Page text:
It feels a lot more like an interactive story than a gaming experience, and no matter how much you screw up you’re never really punished. You can just keep hammering away during combat and will eventually somehow get through.
I mentioned earlier about pottering through the Moria section, and this just didn’t feel right. In the films, this is a time of stress and fear, the characters being chased down by a fearsome beast but there I am, farting about trying to work out what to do with a certain puzzle. Once I eventually triggered the necessary elements, cue the cutscene where everyone’s panicking to scrabble out the door.
It’s a bit of a disconnect, and one that people will invariably defend with the ‘but it’s a kids game’ argument, but when there’s no way to lose, doesn’t that defeat the point of playing?
There’s also the admittedly simplistic gameplay; wander about a bit, do some fighting. Wander a bit more and solve a puzzle which will either generally involve building something (not really building, you’re pressing a button once) or lighting a fire (again, one button press). I’d have personally liked to see a bit more of a challenge, but the level of ‘difficulty’ remains flat throughout.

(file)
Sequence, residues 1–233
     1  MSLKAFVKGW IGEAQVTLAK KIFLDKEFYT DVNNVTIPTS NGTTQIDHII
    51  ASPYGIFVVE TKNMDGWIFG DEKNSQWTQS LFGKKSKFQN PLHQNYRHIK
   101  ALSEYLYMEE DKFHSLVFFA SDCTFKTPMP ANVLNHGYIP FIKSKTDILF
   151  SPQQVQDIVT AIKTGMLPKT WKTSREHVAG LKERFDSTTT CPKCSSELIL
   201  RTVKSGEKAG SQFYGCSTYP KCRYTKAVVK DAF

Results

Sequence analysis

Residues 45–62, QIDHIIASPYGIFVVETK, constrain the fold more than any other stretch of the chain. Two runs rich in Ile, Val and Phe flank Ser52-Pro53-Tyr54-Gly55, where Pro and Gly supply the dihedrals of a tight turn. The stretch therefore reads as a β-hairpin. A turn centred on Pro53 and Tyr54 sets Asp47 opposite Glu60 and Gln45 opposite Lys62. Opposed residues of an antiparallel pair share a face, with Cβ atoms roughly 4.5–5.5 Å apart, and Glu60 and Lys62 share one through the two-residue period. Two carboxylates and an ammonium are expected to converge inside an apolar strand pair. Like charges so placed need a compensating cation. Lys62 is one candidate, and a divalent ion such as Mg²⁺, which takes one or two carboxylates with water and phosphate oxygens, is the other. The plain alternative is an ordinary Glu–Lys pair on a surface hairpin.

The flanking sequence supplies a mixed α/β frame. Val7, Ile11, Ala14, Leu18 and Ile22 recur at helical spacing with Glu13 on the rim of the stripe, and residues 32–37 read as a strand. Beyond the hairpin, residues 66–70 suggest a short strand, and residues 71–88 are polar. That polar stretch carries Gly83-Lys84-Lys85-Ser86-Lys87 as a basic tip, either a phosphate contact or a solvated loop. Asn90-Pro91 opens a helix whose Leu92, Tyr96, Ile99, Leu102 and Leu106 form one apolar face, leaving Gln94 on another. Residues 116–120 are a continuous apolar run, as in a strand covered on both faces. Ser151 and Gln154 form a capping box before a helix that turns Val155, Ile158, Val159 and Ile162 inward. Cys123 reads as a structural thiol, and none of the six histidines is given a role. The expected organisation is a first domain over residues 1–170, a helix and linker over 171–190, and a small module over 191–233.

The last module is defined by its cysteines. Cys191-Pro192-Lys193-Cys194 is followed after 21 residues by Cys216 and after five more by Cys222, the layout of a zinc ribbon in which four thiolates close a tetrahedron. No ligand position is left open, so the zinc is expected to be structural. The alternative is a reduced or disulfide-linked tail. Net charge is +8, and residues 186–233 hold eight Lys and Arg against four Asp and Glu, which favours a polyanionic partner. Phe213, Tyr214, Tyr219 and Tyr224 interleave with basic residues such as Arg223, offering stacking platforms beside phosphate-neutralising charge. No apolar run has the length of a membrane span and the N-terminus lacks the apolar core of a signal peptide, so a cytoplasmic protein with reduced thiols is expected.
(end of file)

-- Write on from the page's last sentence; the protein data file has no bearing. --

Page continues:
All this negativity makes me feel like some sort of curmudgeon though, because there’s actually a fair bit to enjoy in LEGO: Lord of the Rings
. There’s something to be said for just pootling about, doing the quests that open up in Free Play mode and just enjoying the world that Travellers Tales have woven from virtual blocks.
Of course, if you’re one of those completist types you’ll have a field day with this. There’s a ridiculous number of characters to unlock (many of whom are just in the books), stuff to find and tasks to accomplish. Or you could just mess about and check out what the pigs are up to. The pigs are great. You’ll see.
It’s a cliché but one sprinkled with truth; fans will bloody love this game. You get the whole story experience, admittedly in a slightly weird and remixed format. Spotting the differences between the films and game will keep you entertained for ages and younger players will have no problems at all, especially if they have someone a little more skilled tagging along in co-op mode.
It definitely helps if you’ve seen the films before – there were whole sections later in the game where I didn’t have a clue what was going on – but all told, LOTR
is a solid enough game even if you’re not a fan. It’ll sell plenty anyway thanks to the LEGO branding, but I’m pleased to report that it’s far from shovelware; even a misery like me had a smile on his face most of the time.Pros:
+ Beautifully presented throughout
+ Doesn’t outstay its welcome
+ Random dashes of humour really make itCons:
- Nearly impossible to lose
- Really needs knowledge of the movies to get the most out of it
- Muddling through often seems to be enoughSPOnG Score: 7/10